Losing the leatherback turtle

The world’s largest living reptile may go extinct so that we can eat swordfish

bY emily Georgy

More than 35 government officials, fishers, scientists, and environmental group leaders convened in late April at the International Leatherback Survival Conference to address the emergency of the Pacific leatherback turtle, a species teetering on the edge of extinction and incapable of recovering without our help.  The conference, initiated by the Sea Turtle Restoration Project (STRP) of Marin County, was held at Asilomar in Monterey, California.

The leatherback turtle, Dermochelys coriacea, is the world’s largest living reptile, reaching up to nine feet and 2,000 pounds.  Leatherbacks can swim extraordinary distances and dive to extraordinary depths due to their ability to regulate body temperature and their flexible, shell-less, streamlined bodies.  Without a shell, their leathery, oil-saturated skin and underlying plastron enable them to dive over a half a mile deep and still withstand the intense pressures of the deep ocean.

Californians have a particular bond with Pacific leatherbacks, as the enormous ocean-dwellers are the most commonly seen sea turtle off the coast of central and Northern California, particularly in Monterey Bay and off the Farallon Islands.  Here the leatherbacks stay at sea to feed on jellyfish and forage in the nutrient-rich waters brought about by coastal upwelling in early summer.  In late August, the turtles begin their journey southwest to nest on the tropical beaches of Irian Jaya, Papua New Guinea and Malaysia.  An Eastern stock of leatherbacks follows a similar migratory path from foraging grounds off the coast of Peru and Chile to nesting grounds in Mexico and Costa Rica.

The leatherback turtle is a 100 million year-old relic of the past, a precursor of dinosaurs and humans alike, capable of surviving Mother Nature’s worst.  Yet despite their natural resiliency and fortitude, leatherbacks have seen their numbers plummet in the last decade, down nearly 95 percent from 91,000 in 1980 to fewer than 5,000 in 2002, making it the world’s most endangered sea turtle and an emblem of the greater crisis of the oceans.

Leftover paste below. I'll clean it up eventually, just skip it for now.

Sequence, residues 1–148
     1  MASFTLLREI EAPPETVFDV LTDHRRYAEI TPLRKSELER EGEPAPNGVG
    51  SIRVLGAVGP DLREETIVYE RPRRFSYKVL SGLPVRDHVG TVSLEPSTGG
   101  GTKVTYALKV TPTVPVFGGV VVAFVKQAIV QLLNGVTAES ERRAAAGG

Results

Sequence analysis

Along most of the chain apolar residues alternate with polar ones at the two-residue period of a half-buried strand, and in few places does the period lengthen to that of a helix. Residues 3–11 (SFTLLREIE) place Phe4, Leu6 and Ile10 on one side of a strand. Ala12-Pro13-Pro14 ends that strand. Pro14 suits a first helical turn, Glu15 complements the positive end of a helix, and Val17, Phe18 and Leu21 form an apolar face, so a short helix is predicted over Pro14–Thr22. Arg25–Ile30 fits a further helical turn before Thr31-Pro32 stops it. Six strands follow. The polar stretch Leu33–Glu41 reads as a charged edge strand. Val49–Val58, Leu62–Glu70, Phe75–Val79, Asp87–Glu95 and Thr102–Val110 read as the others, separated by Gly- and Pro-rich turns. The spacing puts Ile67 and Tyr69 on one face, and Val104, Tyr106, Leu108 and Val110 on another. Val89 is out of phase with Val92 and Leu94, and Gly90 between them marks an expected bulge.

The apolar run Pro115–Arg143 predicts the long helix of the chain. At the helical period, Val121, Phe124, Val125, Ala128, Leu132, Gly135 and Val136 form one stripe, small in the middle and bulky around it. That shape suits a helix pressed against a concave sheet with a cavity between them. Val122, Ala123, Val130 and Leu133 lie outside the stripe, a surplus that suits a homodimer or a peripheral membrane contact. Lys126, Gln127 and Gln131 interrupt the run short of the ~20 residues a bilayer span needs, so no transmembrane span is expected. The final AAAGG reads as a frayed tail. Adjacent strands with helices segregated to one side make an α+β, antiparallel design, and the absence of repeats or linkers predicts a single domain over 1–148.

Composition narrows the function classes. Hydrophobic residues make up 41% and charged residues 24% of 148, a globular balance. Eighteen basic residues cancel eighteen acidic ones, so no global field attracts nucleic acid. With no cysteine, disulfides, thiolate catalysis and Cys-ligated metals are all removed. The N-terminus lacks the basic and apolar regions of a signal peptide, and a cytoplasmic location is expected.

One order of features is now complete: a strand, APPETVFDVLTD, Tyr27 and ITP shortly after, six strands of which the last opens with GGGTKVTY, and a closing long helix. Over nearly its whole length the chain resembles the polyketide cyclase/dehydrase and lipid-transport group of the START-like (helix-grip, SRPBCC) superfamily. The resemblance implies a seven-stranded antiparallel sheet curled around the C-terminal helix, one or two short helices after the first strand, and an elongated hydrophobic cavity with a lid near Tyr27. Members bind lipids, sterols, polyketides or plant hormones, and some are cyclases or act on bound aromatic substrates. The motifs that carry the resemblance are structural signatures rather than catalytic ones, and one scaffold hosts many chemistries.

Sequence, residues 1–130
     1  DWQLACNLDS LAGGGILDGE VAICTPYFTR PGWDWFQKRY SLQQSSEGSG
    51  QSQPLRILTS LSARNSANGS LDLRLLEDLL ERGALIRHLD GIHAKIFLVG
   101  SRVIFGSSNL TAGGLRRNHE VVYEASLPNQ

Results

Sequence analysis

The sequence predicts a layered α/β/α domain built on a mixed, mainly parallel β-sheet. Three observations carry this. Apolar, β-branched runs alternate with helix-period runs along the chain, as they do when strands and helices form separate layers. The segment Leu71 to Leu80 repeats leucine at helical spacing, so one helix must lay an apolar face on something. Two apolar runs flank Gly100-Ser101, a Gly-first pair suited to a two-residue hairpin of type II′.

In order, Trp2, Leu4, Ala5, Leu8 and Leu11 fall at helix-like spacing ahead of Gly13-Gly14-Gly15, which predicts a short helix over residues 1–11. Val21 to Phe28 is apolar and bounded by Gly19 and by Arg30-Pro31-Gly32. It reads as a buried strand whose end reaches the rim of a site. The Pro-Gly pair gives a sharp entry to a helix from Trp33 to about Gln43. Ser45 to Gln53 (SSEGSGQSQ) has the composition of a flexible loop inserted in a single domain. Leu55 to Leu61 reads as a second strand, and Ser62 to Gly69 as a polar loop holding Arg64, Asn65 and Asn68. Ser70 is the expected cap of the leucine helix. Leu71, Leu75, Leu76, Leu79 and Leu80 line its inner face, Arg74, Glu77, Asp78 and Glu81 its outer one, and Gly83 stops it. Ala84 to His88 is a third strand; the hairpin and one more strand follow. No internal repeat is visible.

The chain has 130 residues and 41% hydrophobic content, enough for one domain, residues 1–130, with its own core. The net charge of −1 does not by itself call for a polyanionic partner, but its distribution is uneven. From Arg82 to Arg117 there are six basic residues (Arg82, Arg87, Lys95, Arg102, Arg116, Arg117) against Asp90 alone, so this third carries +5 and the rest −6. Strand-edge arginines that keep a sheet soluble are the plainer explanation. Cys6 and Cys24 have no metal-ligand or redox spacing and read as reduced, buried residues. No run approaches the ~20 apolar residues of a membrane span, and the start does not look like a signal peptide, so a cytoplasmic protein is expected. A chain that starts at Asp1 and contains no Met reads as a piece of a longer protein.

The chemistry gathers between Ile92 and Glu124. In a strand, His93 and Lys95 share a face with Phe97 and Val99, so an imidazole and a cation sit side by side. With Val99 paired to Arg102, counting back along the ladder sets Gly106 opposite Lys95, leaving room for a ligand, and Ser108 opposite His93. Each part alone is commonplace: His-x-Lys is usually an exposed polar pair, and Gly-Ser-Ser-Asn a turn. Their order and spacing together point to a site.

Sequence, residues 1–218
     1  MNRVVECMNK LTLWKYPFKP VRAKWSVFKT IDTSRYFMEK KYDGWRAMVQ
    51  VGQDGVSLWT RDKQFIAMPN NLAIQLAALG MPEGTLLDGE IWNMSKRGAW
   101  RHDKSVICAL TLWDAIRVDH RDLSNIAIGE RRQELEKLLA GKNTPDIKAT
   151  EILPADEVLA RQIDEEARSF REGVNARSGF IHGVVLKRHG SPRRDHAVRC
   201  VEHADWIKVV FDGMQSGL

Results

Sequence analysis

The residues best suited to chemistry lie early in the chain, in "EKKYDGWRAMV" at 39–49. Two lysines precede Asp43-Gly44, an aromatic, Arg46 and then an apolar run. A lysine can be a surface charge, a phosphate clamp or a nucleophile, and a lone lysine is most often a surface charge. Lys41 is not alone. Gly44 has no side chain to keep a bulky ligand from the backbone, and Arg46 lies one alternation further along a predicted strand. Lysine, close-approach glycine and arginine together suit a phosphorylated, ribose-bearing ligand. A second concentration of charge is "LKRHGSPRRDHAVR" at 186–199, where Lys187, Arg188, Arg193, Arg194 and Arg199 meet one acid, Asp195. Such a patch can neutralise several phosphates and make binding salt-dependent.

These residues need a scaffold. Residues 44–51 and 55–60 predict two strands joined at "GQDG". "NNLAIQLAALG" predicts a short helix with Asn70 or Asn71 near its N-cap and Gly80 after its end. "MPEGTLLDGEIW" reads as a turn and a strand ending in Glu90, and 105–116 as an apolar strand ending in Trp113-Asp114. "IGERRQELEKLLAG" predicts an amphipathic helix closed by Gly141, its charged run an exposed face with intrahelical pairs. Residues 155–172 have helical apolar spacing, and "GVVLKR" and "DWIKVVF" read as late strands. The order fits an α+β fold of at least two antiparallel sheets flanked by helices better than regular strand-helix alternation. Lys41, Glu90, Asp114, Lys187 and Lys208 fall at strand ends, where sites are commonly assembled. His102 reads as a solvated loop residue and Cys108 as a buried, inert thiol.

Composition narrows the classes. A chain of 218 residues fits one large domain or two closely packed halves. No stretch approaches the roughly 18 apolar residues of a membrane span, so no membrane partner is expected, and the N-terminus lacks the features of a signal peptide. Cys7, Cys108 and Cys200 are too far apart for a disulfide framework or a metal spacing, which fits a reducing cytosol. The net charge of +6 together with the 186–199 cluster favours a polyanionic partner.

Longlining for leatherbacks?
Scientists are quick to point out that this is not an issue of leatherback infertility, but rather of human-induced pressures.  According to scientists in the June 22, 2000 issue of Nature, the Pacific leatherback will go extinct in the next 5-15 years if we let it:  if the development of critical leatherback nesting beaches is not halted, if the illegal poaching of leatherback eggs continues, and if current fishing practices persist unchanged.

The primary killer of adult leatherbacks is longline fishing, or the method of using numerous baited hooks on monofilament line to catch migratory top predator fish such as swordfish and tuna.  (In the case of leatherbacks, swordfish longliners present a more tangible threat because of the position and depth of the hooks in the water column).  But while it is easy to point fingers, there is no one smoking gun in the leatherback extinction crisis.  The illegal poaching of leatherback eggs and commercial development of nesting beaches are equally accountable for the drastic decline in the Pacific leatherback population.  The thread that ties them all together is consumer demand.  The combined demand for swordfish, for tourism, for the “delicacies” of turtle eggs and meat leave the leatherback with a dismal chance for survival.

A move to action